Friday, 18 July 2008

Overcoming resistance to antifungals

Artwork by Nature - click here to go to journal
The latest copy of the journal 'Science' features a series of special articles on drug resistance in bacteria and fungi, a major area of research to attempt to improve the effectiveness of many of our antibiotics.
Antibiotic resistance has four main mechanisms, one of the least specific of which is to pump the antibiotic out of the bacterial cell as fast as possible - the active efflux pump. The same mechanism has been discovered in fungi and is discussed here in detail. One of the main things that make the efflux pump mechanism a threat to the use of antibiotics & antifungals is that it is pretty non-specific about which antibiotic/antifungal it removed from the cell interior - one type of pump can remove most of the azole antifungal drugs so the cell that possesses that pump automatically becomes resistant to a whole series of drugs all at the same time - also known as multidrug resistance.
One feature of reflux pump resistance is that the antifungal drug itself is remains active, it is just that it is removed from the cell too quickly for it to kill the cell.

The Science review looks at attempts to interfere with or destroy the efflux pumps thus allowing antifungal drugs to accumulate within the cells, killing them.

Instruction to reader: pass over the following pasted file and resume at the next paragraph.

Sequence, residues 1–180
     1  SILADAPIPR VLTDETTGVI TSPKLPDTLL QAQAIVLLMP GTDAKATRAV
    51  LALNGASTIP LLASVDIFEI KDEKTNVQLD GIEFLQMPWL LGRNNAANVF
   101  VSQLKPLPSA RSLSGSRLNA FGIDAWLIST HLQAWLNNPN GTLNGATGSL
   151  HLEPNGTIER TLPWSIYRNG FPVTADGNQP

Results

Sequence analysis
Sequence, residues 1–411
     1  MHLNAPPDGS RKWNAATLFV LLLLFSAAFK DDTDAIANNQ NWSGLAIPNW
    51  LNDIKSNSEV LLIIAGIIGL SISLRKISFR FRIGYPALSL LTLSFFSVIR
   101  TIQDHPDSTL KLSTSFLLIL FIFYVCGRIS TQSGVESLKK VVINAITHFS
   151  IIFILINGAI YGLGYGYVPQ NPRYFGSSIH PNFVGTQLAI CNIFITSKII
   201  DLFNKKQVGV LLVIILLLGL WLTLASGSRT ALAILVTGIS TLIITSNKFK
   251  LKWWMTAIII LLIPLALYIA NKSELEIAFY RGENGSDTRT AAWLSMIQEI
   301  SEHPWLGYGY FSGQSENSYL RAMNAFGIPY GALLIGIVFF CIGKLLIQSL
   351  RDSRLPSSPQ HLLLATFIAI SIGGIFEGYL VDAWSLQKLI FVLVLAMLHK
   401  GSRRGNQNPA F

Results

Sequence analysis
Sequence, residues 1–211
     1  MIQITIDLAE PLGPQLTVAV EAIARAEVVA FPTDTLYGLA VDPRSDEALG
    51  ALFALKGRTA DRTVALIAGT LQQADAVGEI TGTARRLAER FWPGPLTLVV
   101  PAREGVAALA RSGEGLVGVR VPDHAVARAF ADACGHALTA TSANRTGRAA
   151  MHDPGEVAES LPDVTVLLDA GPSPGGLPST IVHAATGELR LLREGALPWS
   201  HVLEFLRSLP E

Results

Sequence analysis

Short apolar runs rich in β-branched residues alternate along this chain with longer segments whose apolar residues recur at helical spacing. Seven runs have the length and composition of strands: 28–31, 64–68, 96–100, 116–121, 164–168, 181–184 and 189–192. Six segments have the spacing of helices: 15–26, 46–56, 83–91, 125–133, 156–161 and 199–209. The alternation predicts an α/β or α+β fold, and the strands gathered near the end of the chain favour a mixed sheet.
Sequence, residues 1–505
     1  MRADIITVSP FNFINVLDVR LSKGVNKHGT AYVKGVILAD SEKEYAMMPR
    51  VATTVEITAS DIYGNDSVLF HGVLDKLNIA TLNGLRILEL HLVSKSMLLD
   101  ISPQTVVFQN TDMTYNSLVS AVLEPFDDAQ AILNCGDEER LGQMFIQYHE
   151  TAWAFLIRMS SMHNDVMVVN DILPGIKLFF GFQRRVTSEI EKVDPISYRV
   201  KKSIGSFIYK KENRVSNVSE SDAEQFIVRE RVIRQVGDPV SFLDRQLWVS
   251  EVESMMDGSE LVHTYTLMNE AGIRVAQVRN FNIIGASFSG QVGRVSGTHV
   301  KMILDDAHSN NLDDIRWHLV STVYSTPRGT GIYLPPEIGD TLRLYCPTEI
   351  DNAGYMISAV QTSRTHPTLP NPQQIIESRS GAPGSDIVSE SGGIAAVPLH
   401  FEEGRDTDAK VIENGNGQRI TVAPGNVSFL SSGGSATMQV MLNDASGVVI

It turns out that there are a few possible strategies: stop the cell from making the pumps (transcritional/translational control) or switch off the pumping mechanism by using molecules that look like azole drugs which the pumping mechanism can 'grab hold' of but can't release, thus effectively blocking the pump.

More intriguingly a more thorough understanding of the function of these pumps has revealed that one of them, the plasma membrane proton pump (Pma1p) is important for both ensuring the cells remains healthy and is involved in the function of two other drug efflux pumps (ABC and MFS) . Interfering with that single pump attacks the fungal cells on more than one way - more encouragingly no resistance to inhibitors of that pump have been found, suggesting that the cell can find few ways around the loss of that pump. A two pronged attack involving a Pma1p inhibitor plus an antifungal drug could well prove to be an extremely effective combination in the war against fungi.

NB more good news - resistance mechanisms in bacteria are passed from pathogen to pathogen quite readily, rapidly leading to whole mixed populations of multidrug resistant bacteria. Such drug resistant transfer does not seem to happen as often in fungi such as Aspergillus and infections by drug resistant fungi are correspondingly uncommon.

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